Michael Allen is a Senior CAD Technician with Wentworth House Partnership (WHP), he recently received recognition as an Engineering Technician (EngTech).

This month, we had the opportunity to speak with Mike and ask him about what this means and his experience of doing an apprenticeship.

Which area of the business do you work in?

I work in WHP as a Senior CAD Technician working mainly with Tekla Structures generating 3D steel and RC models. Most recent work includes 2 Aldermanbury Square Basement Propping, Museum of London Precast Lids and UCL Gantries & Basement Propping.

Tell us more about the EngTech and what it means

My understanding of EngTech is that it gives technicians without formal qualifications but who have enough experience/knowledge the opportunity to be professionally recognised, not only with the ICE but with fellow colleagues and the wider engineering community. It’s nice to be recognised as an Engineering Technician and a good achievement on the way to completing my apprenticeship degree.

Which apprenticeship do you do with WHP?

I am currently in the first year of the BEng Civil Engineering Apprenticeship Degree at London South Bank University.

What do you enjoy most about it?

I’ve only been on the course for 5 weeks but so far, I have enjoyed the challenges of learning new subjects and developing existing knowledge gained from the Civil Engineering HNC course previously studied.

Why do you think apprenticeships are important?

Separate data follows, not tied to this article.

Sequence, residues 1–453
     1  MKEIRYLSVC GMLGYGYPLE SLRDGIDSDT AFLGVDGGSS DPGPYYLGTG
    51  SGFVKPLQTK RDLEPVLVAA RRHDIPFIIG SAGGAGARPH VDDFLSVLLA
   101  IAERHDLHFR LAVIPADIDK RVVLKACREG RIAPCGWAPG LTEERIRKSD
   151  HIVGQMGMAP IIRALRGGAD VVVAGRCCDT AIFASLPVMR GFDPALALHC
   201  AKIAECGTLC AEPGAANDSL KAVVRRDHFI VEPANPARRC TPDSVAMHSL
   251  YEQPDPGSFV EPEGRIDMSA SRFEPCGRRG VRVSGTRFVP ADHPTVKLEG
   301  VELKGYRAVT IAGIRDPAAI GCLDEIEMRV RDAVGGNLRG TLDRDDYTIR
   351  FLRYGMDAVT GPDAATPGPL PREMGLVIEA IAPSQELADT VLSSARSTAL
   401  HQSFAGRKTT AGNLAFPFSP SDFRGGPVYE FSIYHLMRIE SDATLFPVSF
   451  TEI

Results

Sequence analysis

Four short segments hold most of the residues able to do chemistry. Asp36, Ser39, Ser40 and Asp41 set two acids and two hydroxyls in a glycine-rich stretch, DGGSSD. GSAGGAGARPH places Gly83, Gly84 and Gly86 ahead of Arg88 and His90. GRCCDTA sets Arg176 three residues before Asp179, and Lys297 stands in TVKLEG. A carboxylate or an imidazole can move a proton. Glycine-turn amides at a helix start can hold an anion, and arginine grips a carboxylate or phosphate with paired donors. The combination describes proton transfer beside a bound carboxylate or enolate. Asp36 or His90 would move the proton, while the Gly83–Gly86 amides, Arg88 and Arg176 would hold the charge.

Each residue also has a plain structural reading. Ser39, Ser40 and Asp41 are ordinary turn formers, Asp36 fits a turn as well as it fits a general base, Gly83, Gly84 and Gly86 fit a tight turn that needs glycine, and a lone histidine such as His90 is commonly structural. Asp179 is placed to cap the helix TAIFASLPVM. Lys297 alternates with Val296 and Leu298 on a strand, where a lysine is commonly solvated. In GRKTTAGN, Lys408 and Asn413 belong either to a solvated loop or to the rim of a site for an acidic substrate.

I firmly believe apprenticeships are the way forward. You gain the theory from the day you spend at University each week and you then gain real world experience and knowledge from the wide range of experienced colleagues during the rest of the working week.

Would you recommend an apprenticeship with WHP and why?

I would 100% recommend an apprenticeship to anyone considering it. Being a day release course you get a better real world understanding of the field you are studying whilst being paid to learn and develop. The experience, knowledge and general support you gain from colleagues helps you to develop quicker and constantly learn.

How did you hear about the apprenticeship?

I heard about the apprenticeship through Stuart Vaughn and Tim Lohmann (of WHP). The opportunity to study the HNC was the starting point, this gave me a basic understanding of engineering. After a short break to go back and complete my Maths and English GCSEs via night school, another opportunity was given to me to continue on with the apprenticeship and start the degree course from this year.

What’s life like at WHP?

Life at WHP is good, always busy yet the team is continually supportive and helpful when needed. Considering the team had around 25 people when I started to 70+ staff now it’s definitely evolved in the (nearly) 7 years I have been here. It’s definitely a good place to work while studying the Civil Engineering apprenticeship and offers opportunities to develop and learn.

What would you say to someone about to start their apprenticeship with WHP?

Go for it – if the opportunity is given, 100% go for it. I was on the fence about continuing with the degree course, but I am glad I have continued on. It’s certainly a lot of work when trying to balance everything from work to studying and social time, but it can be done as proven by the apprentices that have already completed it.